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Jamie Dimon, Jeff Bezos and Warren Buffet Lost Patience With Skyrocketing Health Costs -

Amazon, Berkshire Hathaway and JPMorgan will form a company to improve employee health care

By Quentin Fottrell, MARKETWATCH.COM

January 30, 2018https://www.marketwatch.com/story/this-chart-explains-why-jamie-dimon-j…

Amazon Inc. AMZN, +0.04% Berkshire Hathaway Inc. BRK.A, -0.32% and JPMorgan Chase JPM, -0.02% three of the biggest companies in the U.S., surprised the health-care industry on Tuesday with an audacious plan to form a company to address the rising costs of health care for their U.S. employees. They said it will be “free from profit-making incentives and constraints.”

Health-care costs have skyrocketed over the last 60 years, according to the Kaiser Family Foundation, a nonprofit, private foundation based in Washington, D.C. In 1960, hospital costs cost $9 billion. In 2016, they cost $1.1 trillion. In 1960, physicians and clinics costs were $2.7 billion, but ballooned to $665 billion. Prescription drug prices soared from $2.7 billion in 1960 to $329 billion.

U.S. health-care spending reached $3.3 trillion, or $10,348 per person in 2016. The Trump administration has pledged to roll back the 2010 Affordable Care Act, perhaps Barack Obama’s signature achievement as U.S. president. Roughly 1 million people will lose their insurance under Trump’s plans, according to the Congressional Budget Office.

U.S. spending on health has spiked over the last six decades

Berkshire Hathaway chairman and CEO Warren Buffet didn’t hold back in excoriating the health-care industry. “The ballooning costs of health care act as a hungry tapeworm on the American economy,” Buffett said. Amazon founder CEO Jeff Bezos and JPMorgan Chase chairman and CEO Jamie Dimon were more measured in their remarks.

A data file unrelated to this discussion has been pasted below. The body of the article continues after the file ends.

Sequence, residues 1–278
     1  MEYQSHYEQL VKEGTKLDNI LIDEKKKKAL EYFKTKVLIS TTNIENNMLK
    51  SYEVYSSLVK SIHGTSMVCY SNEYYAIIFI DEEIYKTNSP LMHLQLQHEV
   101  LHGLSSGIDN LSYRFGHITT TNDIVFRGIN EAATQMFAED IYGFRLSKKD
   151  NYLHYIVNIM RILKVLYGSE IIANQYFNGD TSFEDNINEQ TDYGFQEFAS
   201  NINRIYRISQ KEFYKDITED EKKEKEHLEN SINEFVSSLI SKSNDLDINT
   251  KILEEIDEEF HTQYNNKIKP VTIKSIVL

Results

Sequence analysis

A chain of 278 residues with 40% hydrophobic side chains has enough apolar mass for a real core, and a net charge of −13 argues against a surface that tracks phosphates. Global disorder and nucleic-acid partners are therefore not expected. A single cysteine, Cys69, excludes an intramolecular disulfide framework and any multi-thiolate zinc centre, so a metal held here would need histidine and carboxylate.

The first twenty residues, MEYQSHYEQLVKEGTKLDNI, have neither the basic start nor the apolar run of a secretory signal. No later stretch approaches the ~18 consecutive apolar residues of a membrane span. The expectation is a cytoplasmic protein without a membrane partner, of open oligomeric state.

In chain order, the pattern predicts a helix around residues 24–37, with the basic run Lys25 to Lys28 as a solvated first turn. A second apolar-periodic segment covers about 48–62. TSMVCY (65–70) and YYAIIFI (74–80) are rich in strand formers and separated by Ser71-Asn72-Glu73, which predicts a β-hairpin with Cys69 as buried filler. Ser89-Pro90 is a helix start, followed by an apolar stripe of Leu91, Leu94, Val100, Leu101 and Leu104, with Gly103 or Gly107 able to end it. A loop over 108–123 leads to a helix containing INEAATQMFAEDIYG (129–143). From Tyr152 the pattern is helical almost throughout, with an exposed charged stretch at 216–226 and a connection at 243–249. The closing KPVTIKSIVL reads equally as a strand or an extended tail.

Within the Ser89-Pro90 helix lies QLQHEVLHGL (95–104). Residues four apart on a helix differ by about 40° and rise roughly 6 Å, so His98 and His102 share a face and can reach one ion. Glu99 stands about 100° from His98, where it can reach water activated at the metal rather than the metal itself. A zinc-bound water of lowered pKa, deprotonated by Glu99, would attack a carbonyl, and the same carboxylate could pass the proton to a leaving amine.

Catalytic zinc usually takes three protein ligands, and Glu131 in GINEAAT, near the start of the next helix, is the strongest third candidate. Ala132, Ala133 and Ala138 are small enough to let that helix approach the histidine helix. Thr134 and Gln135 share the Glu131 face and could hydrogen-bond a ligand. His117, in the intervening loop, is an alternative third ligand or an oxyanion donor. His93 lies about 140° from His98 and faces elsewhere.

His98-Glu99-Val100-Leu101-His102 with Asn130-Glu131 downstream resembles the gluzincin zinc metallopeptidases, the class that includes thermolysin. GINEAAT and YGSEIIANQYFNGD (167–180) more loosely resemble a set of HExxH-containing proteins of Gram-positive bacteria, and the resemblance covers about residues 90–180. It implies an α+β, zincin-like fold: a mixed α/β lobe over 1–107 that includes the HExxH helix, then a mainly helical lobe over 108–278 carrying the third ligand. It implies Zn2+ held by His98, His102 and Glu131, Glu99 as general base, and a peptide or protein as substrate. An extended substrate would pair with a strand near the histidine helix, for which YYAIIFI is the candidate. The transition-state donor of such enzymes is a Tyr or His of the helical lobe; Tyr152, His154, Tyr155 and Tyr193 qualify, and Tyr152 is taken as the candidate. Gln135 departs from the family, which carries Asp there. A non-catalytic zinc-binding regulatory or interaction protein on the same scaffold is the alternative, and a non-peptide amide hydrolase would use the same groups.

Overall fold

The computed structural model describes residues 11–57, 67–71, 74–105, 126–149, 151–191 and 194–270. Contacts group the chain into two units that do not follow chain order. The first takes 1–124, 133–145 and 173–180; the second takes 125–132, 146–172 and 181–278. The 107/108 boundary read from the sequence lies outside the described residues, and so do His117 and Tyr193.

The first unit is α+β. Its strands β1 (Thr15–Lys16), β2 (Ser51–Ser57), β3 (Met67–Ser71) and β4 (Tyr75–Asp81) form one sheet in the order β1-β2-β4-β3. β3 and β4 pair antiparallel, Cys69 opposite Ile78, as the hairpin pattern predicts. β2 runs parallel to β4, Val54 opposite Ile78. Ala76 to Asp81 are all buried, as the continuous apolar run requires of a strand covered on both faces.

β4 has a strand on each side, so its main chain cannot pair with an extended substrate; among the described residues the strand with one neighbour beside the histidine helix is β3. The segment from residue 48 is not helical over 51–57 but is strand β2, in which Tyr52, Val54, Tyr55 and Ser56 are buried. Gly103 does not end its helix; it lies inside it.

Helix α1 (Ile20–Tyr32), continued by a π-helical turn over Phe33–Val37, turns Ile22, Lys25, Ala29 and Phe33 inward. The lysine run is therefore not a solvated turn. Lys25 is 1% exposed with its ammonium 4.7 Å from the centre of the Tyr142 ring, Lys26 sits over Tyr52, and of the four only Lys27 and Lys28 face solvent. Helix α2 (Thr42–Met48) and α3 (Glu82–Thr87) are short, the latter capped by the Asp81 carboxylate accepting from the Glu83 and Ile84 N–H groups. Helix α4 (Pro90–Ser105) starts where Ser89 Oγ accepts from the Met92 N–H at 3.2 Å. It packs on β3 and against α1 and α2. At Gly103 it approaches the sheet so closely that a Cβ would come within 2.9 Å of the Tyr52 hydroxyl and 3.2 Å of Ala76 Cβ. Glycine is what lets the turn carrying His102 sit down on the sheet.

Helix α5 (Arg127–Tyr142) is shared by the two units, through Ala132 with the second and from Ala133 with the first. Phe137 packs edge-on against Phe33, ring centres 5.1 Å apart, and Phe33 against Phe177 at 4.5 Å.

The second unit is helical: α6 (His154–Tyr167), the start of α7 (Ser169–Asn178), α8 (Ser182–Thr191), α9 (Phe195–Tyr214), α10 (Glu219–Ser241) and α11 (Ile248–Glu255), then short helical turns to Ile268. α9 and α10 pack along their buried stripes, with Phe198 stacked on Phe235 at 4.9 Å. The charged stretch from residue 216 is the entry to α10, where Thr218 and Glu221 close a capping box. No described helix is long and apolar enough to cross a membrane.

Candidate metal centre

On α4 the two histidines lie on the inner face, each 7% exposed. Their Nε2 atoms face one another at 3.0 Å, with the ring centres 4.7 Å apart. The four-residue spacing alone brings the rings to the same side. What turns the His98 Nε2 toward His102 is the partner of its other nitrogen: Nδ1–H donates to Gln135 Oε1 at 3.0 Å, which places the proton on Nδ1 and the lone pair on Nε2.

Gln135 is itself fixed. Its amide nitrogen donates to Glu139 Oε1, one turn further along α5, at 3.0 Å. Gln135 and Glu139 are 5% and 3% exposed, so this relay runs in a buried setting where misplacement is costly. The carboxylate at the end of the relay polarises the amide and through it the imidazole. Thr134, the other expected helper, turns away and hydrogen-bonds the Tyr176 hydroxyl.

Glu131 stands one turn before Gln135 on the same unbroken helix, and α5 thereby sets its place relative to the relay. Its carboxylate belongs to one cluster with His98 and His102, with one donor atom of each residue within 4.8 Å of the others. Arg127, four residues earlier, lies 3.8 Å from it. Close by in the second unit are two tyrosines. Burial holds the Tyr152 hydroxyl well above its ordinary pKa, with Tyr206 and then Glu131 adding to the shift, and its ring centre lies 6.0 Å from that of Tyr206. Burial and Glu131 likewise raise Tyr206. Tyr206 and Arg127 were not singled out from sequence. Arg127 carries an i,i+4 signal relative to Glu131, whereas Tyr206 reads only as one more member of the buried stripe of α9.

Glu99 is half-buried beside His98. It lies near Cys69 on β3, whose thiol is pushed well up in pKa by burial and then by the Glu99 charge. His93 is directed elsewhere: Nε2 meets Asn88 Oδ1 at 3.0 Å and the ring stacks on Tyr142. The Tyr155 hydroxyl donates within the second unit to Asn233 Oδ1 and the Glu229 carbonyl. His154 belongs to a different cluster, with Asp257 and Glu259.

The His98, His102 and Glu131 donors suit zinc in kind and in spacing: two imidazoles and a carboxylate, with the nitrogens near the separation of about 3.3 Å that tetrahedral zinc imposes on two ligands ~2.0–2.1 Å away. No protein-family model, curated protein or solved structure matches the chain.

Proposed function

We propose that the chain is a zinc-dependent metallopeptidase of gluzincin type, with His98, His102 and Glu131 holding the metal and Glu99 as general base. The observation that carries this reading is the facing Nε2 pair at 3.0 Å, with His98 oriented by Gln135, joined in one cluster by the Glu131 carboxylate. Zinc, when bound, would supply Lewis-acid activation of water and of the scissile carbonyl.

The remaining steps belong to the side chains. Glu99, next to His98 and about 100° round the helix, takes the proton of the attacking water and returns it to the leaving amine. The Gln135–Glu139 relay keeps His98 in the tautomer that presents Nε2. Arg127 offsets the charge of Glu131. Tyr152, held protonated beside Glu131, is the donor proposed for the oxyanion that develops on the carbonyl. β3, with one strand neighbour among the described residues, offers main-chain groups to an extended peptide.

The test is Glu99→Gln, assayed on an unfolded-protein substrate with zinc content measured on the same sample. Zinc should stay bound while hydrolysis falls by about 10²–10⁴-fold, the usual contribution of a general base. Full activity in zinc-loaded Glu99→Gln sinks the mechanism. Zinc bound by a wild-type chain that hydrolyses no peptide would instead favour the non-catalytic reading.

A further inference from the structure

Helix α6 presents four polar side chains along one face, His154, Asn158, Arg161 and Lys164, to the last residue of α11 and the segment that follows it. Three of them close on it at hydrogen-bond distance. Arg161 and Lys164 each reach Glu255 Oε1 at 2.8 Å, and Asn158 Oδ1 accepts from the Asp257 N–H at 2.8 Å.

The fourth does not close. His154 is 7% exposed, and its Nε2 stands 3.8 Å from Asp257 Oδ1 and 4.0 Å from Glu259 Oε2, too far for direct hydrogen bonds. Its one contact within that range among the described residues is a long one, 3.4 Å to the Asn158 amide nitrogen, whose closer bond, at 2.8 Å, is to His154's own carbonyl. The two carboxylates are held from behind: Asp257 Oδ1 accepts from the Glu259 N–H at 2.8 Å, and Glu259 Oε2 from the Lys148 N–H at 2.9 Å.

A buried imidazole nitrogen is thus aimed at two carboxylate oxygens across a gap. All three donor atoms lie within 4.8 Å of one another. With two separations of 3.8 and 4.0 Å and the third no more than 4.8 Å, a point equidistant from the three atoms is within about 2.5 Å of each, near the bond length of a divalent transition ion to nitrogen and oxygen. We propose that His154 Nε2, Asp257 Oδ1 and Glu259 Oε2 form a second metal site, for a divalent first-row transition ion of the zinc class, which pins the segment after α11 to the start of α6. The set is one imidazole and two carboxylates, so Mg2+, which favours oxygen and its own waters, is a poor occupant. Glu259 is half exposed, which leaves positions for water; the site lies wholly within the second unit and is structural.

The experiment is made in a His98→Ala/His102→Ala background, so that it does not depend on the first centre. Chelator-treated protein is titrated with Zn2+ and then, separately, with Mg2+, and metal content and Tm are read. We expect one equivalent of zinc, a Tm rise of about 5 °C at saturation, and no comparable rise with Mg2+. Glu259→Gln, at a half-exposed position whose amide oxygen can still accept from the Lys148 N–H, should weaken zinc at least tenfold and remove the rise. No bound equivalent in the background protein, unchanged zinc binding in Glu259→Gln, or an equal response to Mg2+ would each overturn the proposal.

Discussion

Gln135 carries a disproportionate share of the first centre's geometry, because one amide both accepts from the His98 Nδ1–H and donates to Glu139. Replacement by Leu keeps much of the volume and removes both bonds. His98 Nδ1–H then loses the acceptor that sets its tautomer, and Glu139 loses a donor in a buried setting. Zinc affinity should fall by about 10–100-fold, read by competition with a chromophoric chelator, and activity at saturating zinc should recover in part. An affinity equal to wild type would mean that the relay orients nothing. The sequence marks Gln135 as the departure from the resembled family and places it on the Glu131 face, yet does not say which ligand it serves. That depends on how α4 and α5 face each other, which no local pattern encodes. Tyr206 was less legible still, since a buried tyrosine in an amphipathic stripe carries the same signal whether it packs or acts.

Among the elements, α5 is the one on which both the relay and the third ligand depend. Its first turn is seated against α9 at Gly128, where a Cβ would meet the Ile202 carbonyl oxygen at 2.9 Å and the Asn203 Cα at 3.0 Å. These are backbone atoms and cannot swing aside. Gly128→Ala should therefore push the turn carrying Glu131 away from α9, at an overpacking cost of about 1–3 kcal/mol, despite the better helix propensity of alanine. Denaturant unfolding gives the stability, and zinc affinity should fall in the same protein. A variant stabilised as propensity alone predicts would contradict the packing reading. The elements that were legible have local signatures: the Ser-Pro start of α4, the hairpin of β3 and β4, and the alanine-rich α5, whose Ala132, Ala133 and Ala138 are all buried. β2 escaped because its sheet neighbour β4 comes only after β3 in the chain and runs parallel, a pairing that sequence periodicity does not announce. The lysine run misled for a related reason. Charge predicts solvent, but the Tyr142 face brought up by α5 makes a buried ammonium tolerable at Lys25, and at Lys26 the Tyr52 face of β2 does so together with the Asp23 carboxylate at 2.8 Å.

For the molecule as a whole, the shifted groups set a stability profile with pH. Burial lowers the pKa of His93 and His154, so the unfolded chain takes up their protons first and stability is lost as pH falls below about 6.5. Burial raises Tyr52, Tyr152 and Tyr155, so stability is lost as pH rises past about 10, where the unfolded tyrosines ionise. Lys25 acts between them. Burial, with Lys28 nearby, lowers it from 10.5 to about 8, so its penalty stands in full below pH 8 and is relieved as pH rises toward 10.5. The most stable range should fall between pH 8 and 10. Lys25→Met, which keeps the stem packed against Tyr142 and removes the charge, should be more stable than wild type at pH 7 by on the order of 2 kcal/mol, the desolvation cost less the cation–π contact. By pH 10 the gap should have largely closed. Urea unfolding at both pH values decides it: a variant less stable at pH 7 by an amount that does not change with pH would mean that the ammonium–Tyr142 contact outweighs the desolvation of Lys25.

“Amazon, Chase and Berkshire Hathaway think they can do it better than the insurance companies,” said Jamie Court, president of Consumer Watchdog, a nonprofit advocacy group. “There’s a lot of frustration with the high cost of health insurance, yet government’s offering almost no systemic solutions. It’s as big a change as I have seen in the market in years.”

As health-care costs soar, wage growth has been choppy

“Bezos, Diamond and Buffet are basically creating the nucleus of a single payer system where ’the bigger the buyer, the better the price’ rules,” Court added. “Only they’re doing it with business acumen on a micro-level rather than opening it up on a grand scale to competing interest groups that often stifle government’s innovation. Bigger purchasers get better deals.”

Why are health-care costs so high? David Cutler, economics professor at Harvard University, has cited administrative costs, which account for one quarter of the U.S. health-care costs, among the highest percentages in the world. Medicare and Medicaid give the lowest prices for drugs because the government has more clout. And Americans receive more procedures when they do get sick.

These costs can also upend a person’s retirement. Last year, the Employee Benefit Research Institute looked at the amount of savings Medicare beneficiaries are projected to need to cover health costs in retirement. In 2016, a 65-year-old man would need $72,000 in savings and a 65 year-old woman would need $93,000 to have a 50% chance for enough to cover health costs.

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